JICAMA - A Garifuna Treat
Jicama is a crispy, sweet, edible root that resembles a turnip in physical appearance, although the plants are not related.
Jicama is very popular in Mexican cuisine and has been cultivated in South America for centuries. Jicama has a very unique flavor, and for this reason, it lends itself very well to salads, salsas, and vegetable platters.
The Jicama root can sometimes grow very large. I recommend not picking large jicama's. If they exceed the size of two fists, they begin to convert the sugars that give jicama its sweet flavor into starches, making the root somewhat woody to the taste.
Jicama is actually a legume, and it grows on vines that may reach 20 feet (six meters) in length. The vines tend to hug the ground, terminating in tubers that may grow up to 50 pounds (22 kilograms) in size, although the majority of jicama roots sent to market are approximately three to four pounds (1.3-2 kilograms) in weight. Before eating, the coarse brown outer layer of the jicama should be peeled to reveal the white inside.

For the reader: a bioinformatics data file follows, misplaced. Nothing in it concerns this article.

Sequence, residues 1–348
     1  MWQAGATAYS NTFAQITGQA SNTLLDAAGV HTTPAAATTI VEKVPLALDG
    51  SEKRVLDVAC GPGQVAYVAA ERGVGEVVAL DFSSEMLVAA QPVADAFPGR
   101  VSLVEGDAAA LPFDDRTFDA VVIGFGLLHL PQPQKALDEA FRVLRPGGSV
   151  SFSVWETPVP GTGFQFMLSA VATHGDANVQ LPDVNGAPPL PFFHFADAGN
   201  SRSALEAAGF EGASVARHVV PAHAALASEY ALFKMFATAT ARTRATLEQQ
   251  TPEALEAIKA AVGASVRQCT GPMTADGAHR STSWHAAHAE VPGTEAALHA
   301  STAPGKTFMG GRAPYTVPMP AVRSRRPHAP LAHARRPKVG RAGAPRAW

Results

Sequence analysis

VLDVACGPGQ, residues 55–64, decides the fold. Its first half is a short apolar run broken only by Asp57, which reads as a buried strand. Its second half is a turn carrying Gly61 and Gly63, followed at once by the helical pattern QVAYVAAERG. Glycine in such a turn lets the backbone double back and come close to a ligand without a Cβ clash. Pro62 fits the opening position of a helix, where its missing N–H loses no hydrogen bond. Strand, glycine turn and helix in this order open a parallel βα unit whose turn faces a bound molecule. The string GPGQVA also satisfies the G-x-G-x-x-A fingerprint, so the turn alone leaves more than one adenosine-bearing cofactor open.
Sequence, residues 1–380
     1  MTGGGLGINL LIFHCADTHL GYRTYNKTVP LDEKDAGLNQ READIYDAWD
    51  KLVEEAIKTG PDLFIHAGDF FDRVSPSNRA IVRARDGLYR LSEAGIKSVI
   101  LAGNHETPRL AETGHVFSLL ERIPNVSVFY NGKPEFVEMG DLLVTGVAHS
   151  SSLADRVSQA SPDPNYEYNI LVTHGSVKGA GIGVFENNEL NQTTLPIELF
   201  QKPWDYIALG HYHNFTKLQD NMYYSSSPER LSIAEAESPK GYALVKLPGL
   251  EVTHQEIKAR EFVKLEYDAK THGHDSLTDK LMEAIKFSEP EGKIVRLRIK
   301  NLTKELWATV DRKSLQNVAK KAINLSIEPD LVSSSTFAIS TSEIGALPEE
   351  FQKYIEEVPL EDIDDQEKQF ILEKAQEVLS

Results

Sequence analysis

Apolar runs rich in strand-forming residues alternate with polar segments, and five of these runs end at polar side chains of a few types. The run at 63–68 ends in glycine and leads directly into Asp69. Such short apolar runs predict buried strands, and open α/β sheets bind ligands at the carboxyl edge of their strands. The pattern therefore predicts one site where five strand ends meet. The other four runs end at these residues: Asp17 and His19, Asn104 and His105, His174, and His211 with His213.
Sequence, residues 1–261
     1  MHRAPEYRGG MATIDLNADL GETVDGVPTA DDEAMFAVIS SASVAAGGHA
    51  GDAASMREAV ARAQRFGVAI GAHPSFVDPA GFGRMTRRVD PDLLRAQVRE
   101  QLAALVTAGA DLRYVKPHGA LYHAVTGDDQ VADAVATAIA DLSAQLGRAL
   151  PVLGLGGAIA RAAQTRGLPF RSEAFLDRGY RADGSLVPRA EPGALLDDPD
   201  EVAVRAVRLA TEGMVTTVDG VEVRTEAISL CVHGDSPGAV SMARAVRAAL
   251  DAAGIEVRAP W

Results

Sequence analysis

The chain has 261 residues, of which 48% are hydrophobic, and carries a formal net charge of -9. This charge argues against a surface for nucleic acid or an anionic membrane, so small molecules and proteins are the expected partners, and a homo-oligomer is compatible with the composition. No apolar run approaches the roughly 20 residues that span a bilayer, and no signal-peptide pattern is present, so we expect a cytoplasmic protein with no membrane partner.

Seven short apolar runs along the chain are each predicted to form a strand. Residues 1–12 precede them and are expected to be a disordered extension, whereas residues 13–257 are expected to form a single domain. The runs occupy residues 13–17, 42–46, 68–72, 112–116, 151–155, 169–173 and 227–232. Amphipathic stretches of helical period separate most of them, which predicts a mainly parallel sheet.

When choosing jicama, I recommend looking for medium sized, firm tubers with dry roots. Do not purchase jicama that has wet or soft spots, which may indicate rot, and don't be drawn to overlarge examples of the tuber, because they may not be as flavorful. Jicama keeps very well in your refrigeration for up to two weeks.
FISH TACOS w/ Corn JICAMA Salsa
1 c. corn
1/2 c. diced red onion
1 c. peeled, chopped jicama
1/2 c. diced red bell pepper
1 c. fresh cilantro leaves, finely chopped
1 lime, zested and juiced
2 Tbsp. sour cream
2 Tbsp. cayenne pepper
1 tablespoon ground black pepper
2 Tbsp. salt
6 (4 oz.) fillets Tilapia
2 Tbsp. olive oil
12 corn tortillas, warmed
WELCOME TO BELIZE
My name is Lauren Maya Turley. I've lived in Belize now for the past 14 years, basically since I was born. Belize is my home.